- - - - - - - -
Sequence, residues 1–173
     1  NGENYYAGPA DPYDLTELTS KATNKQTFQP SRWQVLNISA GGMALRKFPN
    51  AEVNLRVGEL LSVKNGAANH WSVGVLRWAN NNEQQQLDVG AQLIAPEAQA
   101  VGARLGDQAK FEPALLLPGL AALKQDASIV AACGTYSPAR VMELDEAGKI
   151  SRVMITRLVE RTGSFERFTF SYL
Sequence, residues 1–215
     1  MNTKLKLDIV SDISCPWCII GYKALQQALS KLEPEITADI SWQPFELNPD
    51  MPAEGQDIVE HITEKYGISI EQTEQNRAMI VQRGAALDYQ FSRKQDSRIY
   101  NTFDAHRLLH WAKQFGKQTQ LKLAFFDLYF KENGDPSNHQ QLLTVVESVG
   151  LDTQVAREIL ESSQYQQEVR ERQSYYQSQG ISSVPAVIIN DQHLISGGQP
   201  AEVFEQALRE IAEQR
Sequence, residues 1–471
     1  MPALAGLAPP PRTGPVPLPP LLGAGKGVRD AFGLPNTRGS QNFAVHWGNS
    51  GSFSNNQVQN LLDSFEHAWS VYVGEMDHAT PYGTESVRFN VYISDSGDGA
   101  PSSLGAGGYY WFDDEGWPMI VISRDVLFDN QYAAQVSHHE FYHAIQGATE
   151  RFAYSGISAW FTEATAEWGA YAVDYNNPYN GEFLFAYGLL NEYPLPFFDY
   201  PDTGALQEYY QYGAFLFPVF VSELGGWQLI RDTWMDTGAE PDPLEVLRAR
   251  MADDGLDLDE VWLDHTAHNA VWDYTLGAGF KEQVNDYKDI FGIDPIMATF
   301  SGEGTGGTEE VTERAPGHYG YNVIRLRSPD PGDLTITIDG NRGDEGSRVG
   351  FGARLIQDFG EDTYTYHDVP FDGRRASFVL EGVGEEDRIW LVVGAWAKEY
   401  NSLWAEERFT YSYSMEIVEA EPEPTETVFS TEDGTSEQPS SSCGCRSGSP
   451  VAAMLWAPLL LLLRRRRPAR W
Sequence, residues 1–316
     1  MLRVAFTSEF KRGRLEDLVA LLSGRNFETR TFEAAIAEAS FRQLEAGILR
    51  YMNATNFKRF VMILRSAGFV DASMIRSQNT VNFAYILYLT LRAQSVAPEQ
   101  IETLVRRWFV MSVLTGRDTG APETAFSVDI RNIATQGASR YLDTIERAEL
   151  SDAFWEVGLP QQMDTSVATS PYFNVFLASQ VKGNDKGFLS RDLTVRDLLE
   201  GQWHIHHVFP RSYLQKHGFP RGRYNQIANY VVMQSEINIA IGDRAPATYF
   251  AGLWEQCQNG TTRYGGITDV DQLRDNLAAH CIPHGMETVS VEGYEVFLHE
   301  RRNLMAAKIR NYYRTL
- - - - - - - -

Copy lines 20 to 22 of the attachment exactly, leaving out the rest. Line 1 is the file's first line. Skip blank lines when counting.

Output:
   351  FGARLIQDFG EDTYTYHDVP FDGRRASFVL EGVGEEDRIW LVVGAWAKEY
   401  NSLWAEERFT YSYSMEIVEA EPEPTETVFS TEDGTSEQPS SSCGCRSGSP
   451  VAAMLWAPLL LLLRRRRPAR W